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Review: Beyto (2020)

Beyto (2020)

Directed by: Gitta Gsell | 98 minutes | drama, romance | Actors: Burak Ates, Dimitri Stapfer, Ecem Aydin, Beren Tuna, Serkan Tastemur, Zeki Bulgurcu, Müjdat Albak, Délia Antonio, Danijela Milijic Stojcetovic, Zeynep Sanli, Ebru Koyun, Mustafa Basalan, Reto Rieder, Mustafa Kuzucu, Sakem Rash Mendi Gezer, Ahmet Talay, Mustafa Soner Saymen, Yusuf Yetkin, Alen Huseyin Gursoy, Fatma Nilgun Islamoglu, Edanur Sahin, Büsra Keten, Rabia Genc

Yusuf Yesilgöz came to Switzerland as a refugee from Turkey’s Central Anatolia in 1987, where he opened a bookstore and started a publishing house and founded a publishing house for Kurdish literature. He also writes books himself; one of his most acclaimed novels is ‘Hochzeitsflug’ (‘Bridal Flight’) from 2011. Swiss filmmaker Gitta Gsell read the book and immediately felt that there was a movie in the story about the young Turk Beyto who gets caught between his own feelings and the expectations that his family has of him. ‘At the time I was teaching young people, I heard how they spoke and I saw what problems young people with a migration background face. I understood very well why the characters in Yusuf’s book reacted the way they did. Beyto’s parents want to continue the traditions of their Turkish village in their new homeland of Switzerland. They still dream of the bone-dry hills of Anatolia and are not very receptive to the influences of modern Switzerland. Beyto, on the other hand, is torn between his cultural heritage and the freedoms of the western world. He finds his way between the familiar cohesion of his family and the seductive adventures that life in free Europe offers him.”

Gsell’s book adaptation ‘Beyto’ (2020) initially looks like a coming-of-age story like many have already been made. Beyto (newcomer Burak Ates) is a popular boy and the apple of his parents’ (Beren Tuna and Serkan Tastemur) eye. He swims at a high level, gets good grades at his internship, has friends from both Swiss and Turkish backgrounds and regularly helps his parents in their kebab restaurant. An exemplary boy, that Beyto. But then he falls head over heels in love. Not on Nina, the girl his friends want to pair him with, but on Mike (Dimitri Stapfer), his swimming coach. That’s when his seemingly perfect life begins to crumble. Not because he has doubts about his sexuality or because Mike does not want him – the two show each other in no uncertain way that they like the other – but because his choice for Mike does not fit the ideal image that his parents have. had mapped out for him. Because even before he has gathered the courage to come out, his mother is told by a loose-lipped aunt that she has seen him during a Pride parade in the heart of Bern. Out of sheer panic, Mom and Dad – who see only one way out to protect the family’s honor and tradition – organize a lightning wedding between Beyto and his childhood friend Seher (Ecem Aydi). However, they forget to inform their son of the plans and lure him, ostensibly because of a dying grandmother, to their native village, a hamlet in the middle of nowhere in Anatolia, with no opportunity to contact Mike. Suddenly, Beyto finds himself back in an impossible love triangle: how can he stay true to Mike without destroying Seher’s future?

It will come as no surprise that Beyto’s parents are not thrilled with the news that their only son is attracted to men. That predictable conflict puts Gsell into the background, in favor of a broader theme around migration and Beyto’s parents’ aspiration to be successful immigrants, who fit the picture perfect. In their view, this includes a good education and ‘house, tree, animal’. A family consisting of a husband, wife and a couple of children – preferably a royal couple. A gay son having fun with his swimming coach doesn’t fit that picture. The image of the woman who is deliberately kept ‘stupid’ and who has to live in the service of her husband is also denounced, without a raised finger, incidentally. Seher, by the way played by debutante Ecem Aydi, turns out to be a lot less naive than we initially think. She would like nothing more than to get an education and live her life the way she wants. It is doubtful to what extent the idealistic solution offered by the film is workable and realistic. Is that bad? As a writer/director you have the freedom to give the events a strong twist in the direction that suits you best, for example because that makes the film just that little bit better. But the ending is not completely satisfying.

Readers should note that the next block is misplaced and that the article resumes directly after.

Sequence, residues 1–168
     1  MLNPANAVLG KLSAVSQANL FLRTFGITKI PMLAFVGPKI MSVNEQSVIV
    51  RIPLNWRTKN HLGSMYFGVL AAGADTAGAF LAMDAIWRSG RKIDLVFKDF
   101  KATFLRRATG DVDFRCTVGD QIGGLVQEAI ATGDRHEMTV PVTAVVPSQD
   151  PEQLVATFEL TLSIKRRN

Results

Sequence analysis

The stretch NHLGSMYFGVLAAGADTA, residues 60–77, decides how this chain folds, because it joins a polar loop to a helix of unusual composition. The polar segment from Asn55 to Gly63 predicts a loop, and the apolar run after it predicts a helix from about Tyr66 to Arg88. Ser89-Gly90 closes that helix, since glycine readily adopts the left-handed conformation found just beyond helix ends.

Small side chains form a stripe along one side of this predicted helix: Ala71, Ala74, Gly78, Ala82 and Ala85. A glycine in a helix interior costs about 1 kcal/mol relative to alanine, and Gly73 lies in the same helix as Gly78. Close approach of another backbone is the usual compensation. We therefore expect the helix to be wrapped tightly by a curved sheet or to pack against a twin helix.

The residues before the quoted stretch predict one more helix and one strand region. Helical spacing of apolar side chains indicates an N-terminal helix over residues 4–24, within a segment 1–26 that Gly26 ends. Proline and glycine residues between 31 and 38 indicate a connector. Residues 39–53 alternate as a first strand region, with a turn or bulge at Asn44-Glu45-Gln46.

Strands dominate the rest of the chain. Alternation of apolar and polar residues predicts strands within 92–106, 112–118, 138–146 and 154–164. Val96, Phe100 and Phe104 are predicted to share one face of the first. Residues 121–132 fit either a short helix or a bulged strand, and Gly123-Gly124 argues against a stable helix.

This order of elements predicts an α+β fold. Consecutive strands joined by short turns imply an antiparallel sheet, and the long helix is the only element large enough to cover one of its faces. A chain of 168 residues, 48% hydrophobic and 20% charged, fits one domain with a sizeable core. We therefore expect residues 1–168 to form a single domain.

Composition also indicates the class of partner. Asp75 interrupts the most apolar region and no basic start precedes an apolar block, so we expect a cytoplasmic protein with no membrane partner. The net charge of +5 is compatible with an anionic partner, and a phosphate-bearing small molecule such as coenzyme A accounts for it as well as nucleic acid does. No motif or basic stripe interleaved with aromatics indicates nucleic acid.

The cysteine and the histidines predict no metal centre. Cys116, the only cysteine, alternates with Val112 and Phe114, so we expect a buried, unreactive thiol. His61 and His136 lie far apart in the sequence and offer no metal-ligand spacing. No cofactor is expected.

Gsell cast inexperienced actors for many roles – only Stapfer, Tuna and Tastemur have already proven themselves – and that gives the film the necessary authenticity. Although Stapfer received a Swiss Film Award for his supporting role in this film, it is he who is least able to convince us. Mike comes across as an impatient, grumpy and unsympathetic guy, although fortunately the chemistry and attraction between him and Ates is fine. For a debutant, the latter does surprisingly well, especially when you consider that he had to learn the tricks of the acting trade in a short time. Although he must be careful not to always show the same look when he is brooding and morose about his future. ‘Beyto’ is a multicultural story about love, emancipation and the longing for freedom and control. A film that is certainly not flawless, but made with the best intentions that makes you think about how self-evident we take those values ​​in the West.

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